From the passenger seat, driving instructors get a unique perspective, and a quick lesson in the level of ignorance, selfishness and just plain incompetent driving out there.
With a student at the wheel, someone just venturing out into this scary and dangerous wheeled world, instructors feel as though there is a target painted on the trunk or tailgate. It appears many fellow motorists forget they had to learn once — actually, many appear to have never learned at all.
It’s entertaining to be teaching technique and proper operation and control when surrounded by so much incompetence! Imagine how it feels to be stressing driving etiquette, when you have a windshield filled with ignorance and selfishness. Forget about manners, respect and consideration of others, it’s everyone for himself!
Obviously, the majority of drivers do not fall into this category — but the number and severity of problems becomes pretty evident from the unique perspective of a vehicle following the rules, maintaining proper speed and following distances etc.
The first and most common thing you notice is excessive speed — motorists traveling much faster than the flow of traffic.
The universal disregard for speed limits is a critical issue. The BC government says unsafe speed contributes to 38 per cent of all fatal motor vehicles crashes. Using volunteer “Speed Watchers” they once conducted a “two strikes and you’re out” campaign. The first step involved portable roadside units that show motorists both the posted limit and their actual speed. Strike two involved a fine when they fail to reduce their speed — in other words when they ignored the law. This community-based volunteer program used the catch phrase “It wouldn’t kill you to slow down.”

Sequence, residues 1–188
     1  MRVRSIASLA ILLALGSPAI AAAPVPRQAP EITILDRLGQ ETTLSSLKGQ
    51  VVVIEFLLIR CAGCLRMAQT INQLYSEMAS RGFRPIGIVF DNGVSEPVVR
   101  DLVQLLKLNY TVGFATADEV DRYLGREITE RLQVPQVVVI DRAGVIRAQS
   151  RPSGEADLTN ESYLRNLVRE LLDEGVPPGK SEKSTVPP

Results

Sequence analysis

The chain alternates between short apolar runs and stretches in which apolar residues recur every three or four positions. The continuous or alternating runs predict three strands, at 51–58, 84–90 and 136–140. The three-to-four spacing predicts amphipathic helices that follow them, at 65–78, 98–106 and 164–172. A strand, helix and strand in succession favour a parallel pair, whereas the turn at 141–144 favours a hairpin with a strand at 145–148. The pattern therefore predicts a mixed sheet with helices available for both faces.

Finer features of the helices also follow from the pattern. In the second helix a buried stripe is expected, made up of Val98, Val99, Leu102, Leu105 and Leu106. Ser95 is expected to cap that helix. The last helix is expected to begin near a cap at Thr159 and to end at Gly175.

Admittedly there are cases where the limit is too low — generally identifiable where literally everyone is traveling in excess of the posted limit. But these are commonly on limited access roadways with traffic flowing in one direction, nor narrow streets with children playing and vehicles parked everywhere.
Yet, these more crowded areas, where stop signs and traffic lights are installed to regulate traffic flow, and protect both motorists and pedestrians, is where motorists are now ignoring lights and stop signs.
Failure to wear a restraining device is another common problem contributing inordinately to the casualty count. Studies show the 10 per cent of Canadian drivers who don’t wear belts, account for 40 per cent of the all highway deaths.
In Ontario, amidst all the ruckus about red light cameras and photo radar a few years back, the OPP found 90 per cent of children were not buckled in properly.
When traffic deaths in Nova Scotia spike, the cause is usually attributable to speed, often combined with not wearing belts and/or alcohol — a pretty ugly combination
Flagrant abuse of the law has become acceptable as more and more motorists think of themselves first. It is commonplace to think the rules are for others, that you’re a better driver or you’re in a hurry so you can bend or break the law, that it’s OK because everyone’s doing it.
There is an almost complete contempt for regulations regarding the operation of a motor vehicle on public roads.
Speeding, drinking, no belts, poor lane discipline, improper spacing, failure to use signals etc. The list is lengthy.
So what’s the solution?
Traffic laws are put in place to control traffic flow, to protect lives and reduce the likelihood of crashes, injuries and deaths.
But due to budget restrictions and the resulting lack of manpower and resources, law enforcement agencies are no longer able to properly patrol and police, leading to the growing use and popularity of remote electronic recording devices.
But even if found guilty, courts rarely provide the incentive to improve. Maybe that’s the answer.
Driving is not a right — it is a privilege. Politicians, rule-makers and judges need to see what police, paramedics do — or driving instructors.